Solid ground could be a misnomer when it comes to Cape Cod, Massachusetts. The popular vacation spot and idyllic island is effectively a sandbar, with towns, roads, and businesses built on the porous ground that washed up several centuries ago.
Oil spills are big news because they pose such large-scale environmental damage and clean-up cost. In 2105, energy and environment organization E&E news reported that only about half of the 2700 spills at Texas oil and gas sites were tracked, which had environmentalists wondering why, and more importantly, how it can be fixed.
In Hollywood, art can imitate life, except with bigger budgets and more exciting plot lines. A common movie trope is when a villain threatens to contaminate a town’s water supply, putting thousands of citizens’ health and lives in jeopardy. Luckily, the hero manages to foil the plan in the nick of time. Today, the hero is modern water management technology, like satellite-based SCADA systems, which can easily prevent similar stories from developing. While it might not make for exciting movies, satellite-based SCADA systems provide the protection required for modern utility infrastructure, in a scalable and affordable way. Check out these examples of where a SCADA system would have saved the day.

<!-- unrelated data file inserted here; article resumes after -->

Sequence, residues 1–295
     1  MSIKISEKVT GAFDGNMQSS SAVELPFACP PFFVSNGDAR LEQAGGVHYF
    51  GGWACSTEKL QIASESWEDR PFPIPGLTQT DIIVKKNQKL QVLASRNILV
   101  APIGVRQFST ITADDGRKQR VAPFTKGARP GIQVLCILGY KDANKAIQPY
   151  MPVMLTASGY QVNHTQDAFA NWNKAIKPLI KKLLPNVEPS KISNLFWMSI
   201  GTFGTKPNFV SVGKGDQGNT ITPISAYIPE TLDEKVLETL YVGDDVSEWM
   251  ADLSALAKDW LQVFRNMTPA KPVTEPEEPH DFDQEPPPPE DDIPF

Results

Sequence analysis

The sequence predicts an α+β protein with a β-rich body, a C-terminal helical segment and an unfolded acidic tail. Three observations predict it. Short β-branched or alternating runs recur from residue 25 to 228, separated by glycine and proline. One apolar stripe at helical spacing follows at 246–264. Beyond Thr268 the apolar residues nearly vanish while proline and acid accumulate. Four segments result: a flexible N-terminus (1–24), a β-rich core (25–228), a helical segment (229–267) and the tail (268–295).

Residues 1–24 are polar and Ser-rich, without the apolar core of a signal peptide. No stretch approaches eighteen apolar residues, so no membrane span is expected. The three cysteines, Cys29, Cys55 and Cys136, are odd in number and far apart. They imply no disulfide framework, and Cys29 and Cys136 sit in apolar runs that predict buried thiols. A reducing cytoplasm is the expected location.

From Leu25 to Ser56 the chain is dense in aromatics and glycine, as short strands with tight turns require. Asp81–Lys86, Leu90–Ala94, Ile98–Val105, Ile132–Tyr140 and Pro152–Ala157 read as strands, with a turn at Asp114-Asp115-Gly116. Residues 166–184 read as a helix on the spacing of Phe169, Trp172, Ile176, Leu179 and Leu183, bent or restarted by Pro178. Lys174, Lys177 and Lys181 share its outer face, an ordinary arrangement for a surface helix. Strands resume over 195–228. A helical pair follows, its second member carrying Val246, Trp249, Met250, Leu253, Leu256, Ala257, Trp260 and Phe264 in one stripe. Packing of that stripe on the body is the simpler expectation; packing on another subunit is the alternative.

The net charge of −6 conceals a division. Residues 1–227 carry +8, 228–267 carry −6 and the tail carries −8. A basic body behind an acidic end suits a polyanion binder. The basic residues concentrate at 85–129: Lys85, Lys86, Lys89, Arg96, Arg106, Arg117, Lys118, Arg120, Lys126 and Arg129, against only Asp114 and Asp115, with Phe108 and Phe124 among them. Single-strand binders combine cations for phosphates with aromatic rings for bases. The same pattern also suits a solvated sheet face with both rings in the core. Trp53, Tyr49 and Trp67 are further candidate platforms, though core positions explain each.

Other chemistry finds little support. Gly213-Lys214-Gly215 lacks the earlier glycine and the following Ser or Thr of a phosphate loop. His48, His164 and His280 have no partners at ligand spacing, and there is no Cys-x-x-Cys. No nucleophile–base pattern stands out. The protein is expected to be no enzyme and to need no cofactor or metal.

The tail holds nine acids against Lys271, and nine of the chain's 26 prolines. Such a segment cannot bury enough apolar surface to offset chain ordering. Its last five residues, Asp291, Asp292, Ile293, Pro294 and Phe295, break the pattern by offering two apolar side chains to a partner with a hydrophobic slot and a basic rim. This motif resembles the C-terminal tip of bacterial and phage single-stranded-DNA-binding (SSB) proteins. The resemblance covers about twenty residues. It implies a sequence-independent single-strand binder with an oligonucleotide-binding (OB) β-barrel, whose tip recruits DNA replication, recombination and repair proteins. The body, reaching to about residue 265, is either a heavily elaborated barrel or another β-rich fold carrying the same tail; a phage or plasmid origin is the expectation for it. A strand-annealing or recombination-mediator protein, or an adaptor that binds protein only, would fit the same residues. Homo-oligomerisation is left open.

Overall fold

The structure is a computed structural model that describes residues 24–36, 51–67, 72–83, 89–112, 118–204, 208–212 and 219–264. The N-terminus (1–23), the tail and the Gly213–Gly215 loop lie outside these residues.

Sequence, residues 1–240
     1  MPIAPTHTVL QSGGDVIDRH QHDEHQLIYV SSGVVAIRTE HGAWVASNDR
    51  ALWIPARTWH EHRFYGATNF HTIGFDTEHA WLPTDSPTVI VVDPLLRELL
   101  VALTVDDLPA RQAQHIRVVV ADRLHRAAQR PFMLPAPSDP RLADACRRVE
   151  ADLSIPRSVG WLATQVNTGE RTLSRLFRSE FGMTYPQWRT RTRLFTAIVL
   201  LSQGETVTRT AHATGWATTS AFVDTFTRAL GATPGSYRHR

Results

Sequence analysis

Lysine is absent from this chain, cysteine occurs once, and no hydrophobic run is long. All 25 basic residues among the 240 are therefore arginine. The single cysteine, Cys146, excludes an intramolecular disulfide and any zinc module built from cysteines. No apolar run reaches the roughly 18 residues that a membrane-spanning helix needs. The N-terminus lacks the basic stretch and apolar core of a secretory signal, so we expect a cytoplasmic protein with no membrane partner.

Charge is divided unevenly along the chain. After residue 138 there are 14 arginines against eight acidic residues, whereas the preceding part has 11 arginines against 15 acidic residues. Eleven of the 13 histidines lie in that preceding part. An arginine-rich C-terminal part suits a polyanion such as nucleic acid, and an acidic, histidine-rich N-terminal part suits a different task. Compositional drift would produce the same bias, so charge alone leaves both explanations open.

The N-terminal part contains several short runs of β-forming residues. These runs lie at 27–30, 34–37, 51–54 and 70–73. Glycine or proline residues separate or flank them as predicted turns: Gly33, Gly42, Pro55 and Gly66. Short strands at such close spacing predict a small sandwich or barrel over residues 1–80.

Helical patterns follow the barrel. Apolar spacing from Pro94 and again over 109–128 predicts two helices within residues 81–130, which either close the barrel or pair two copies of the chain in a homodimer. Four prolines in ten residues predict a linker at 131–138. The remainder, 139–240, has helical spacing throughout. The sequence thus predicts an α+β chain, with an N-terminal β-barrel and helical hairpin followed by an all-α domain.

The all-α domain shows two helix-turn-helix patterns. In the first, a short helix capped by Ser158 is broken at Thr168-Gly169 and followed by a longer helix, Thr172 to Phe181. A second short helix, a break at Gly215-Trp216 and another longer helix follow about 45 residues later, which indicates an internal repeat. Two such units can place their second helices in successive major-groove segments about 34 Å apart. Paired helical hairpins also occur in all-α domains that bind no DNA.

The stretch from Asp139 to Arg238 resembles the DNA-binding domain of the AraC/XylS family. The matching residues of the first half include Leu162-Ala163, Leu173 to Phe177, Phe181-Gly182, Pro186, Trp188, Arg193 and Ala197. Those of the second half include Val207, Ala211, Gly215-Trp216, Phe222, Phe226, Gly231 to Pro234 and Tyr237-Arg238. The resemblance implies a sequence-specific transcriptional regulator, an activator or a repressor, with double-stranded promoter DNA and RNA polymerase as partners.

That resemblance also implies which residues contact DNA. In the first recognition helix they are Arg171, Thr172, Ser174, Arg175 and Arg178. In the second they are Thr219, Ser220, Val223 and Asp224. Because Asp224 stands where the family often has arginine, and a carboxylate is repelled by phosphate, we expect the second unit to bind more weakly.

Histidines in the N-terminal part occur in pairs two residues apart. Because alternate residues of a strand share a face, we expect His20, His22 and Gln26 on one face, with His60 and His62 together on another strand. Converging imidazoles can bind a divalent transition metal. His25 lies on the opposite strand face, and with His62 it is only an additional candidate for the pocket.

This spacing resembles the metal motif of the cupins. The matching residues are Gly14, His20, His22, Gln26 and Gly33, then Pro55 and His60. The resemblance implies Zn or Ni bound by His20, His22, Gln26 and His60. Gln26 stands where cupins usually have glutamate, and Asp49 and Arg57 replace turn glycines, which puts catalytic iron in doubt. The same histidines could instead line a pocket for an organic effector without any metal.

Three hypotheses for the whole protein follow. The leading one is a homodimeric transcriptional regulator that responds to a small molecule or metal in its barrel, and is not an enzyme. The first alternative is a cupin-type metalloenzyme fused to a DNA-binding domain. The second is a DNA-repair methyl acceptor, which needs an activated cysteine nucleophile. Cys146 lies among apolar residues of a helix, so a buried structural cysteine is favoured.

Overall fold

Florida—land of surf, sand, sun, and… septic tanks? Aging septic tanks (which include over 2.6 million homes) is a growing concern for Florida residents because the outdated systems can leak nitrogen and other contaminants into the groundwater. In 2010, the Florida legislature passed a law requiring inspections for septic tanks every five years—an edict that forces smaller utility providers, like Hillsborough County in eastern Florida, to find creative ways to modernize their systems while staying on budget.
The beauty of modern plumbing is that when we turn on our faucet, we can reasonably expect clean water to come pouring out. There are few places left in the country that are untouched by the advancements and regulations of public water. So when The Washington Post published an article in 2016 about researchers finding unsafe levels of industrial chemicals in the drinking water of 6 million Americans, waste water treatment plants and water management services took notice.
For 200 years, Americans have relied on natural gas to heat their homes and cook their food, to power appliances such as water heaters and oven ranges, and to power integral industries, such as manufacturing and processing plants, and boilers to generate electricity. According to the American Public Gas Association (APGA), natural gas currently supplies more than one-half of the energy consumed by residential and commercial customers, and about 41 percent of the energy used by U.S. industry.